‘Locked-in’ stroke victim lived to serve others

Bob Veillette sits with his family and listens to a child play piano in August 2012 at the Howard Whittemore Memorial Library in Naugatuck. The annual recital is a tribute to Veillette, an accomplished piano player who hasn’t missed the event since a stroke left him paralyzed in 2006. –REPUBLICAN-AMERICAN ARCHIVE

NAUGATUCK — Bob Veillette of Naugatuck, whose devastating 2006 stroke left him mute and paralyzed but did not deter his drive to serve others, died Sept. 13 at Saint Mary’s Hospital.

He was 72.

The former managing editor of the Republican-American lived in Naugatuck and spent 40 years at the newspaper.

In 2011, Veillette participated in a $40 million research study that tried to decipher the brain’s neuronal language to help those who could not speak “communicate” by translating neural signals and sending them to a prosthetic device. After a year with a sensor implanted in his motor cortex, Veillette was able to move a prosthetic arm, control a cursor and type words just by thinking about it. The groundbreaking advance, published in the scientific journal Nature, made national and international news.

“Bob was an extraordinary man,” said Dr. Leigh R. Hochberg, director of the Center for Neurotechnology and Neurorecovery at Massachusetts General Hospital and lead author of the study, who called Veillette “a true pioneer.”

“He helped us learn how to harness these powerful brain signals, recorded by a tiny array of electrodes, for the control of external devices. Literally and figuratively, he helped us to turn thought into action,” Hochberg said.

When he agreed to the research, Veillette was aware that it would do nothing to improve his physical condition. A brain-stem stroke cripples the pathway from the brain to the spinal cord, often killing its victims or leaving them significantly impaired. Such patients are said to suffer from “locked-in syndrome” because they are literally trapped within their bodies with no ability to speak. Many can nevertheless live up to 20 years with the condition. Veillette lived 11.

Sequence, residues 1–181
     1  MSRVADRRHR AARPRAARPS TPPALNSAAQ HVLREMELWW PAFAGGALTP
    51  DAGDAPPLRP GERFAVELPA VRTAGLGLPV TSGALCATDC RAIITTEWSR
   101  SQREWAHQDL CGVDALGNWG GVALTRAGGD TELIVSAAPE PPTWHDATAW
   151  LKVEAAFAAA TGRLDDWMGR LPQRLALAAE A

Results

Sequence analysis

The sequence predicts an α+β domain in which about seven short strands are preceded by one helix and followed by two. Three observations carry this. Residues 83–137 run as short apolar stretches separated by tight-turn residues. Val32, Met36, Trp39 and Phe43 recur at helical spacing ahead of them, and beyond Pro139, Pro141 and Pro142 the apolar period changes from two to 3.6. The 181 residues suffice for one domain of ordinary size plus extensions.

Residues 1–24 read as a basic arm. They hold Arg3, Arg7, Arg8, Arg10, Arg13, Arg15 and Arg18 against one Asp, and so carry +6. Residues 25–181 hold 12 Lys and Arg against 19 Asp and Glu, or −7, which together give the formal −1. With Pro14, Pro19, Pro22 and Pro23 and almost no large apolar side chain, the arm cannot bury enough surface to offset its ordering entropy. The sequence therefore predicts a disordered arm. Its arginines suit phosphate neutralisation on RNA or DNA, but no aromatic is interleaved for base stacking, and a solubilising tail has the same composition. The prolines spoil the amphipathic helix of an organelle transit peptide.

“He participated in this research not hoping to gain any personal benefit, but to help to develop neurotechnologies that will help other people with stroke, ALS, spinal cord injury, or other forms of paralysis,” said Hochberg, whose study was funded largely through the U.S. Department of Veterans Affairs and the National Institutes of Health. “Our clinicians, neuroscientists and engineers continue to learn from everything Bob taught us, and his contributions will continue to inspire new hope toward restoring communication and mobility for people with neurologic injury.”

As Veillette later explained, “I am not doing this for myself, but for others.”

The selflessness was trademark Veillette. His son, Gregory, now a surgeon, remembered his father’s frequent injunction to “treat others better than yourself,” and, when faced with a morally thorny decision to always take “the harder right,” or the more difficult, though virtuous, path.

A devotee of Shakespeare and the piano jazz of Bill Evans and Dave McKenna, Veillette was known for sprinkling his conversations with bardic quotes, like “The readiness is all” and “So shines a good deed in a naughty world.”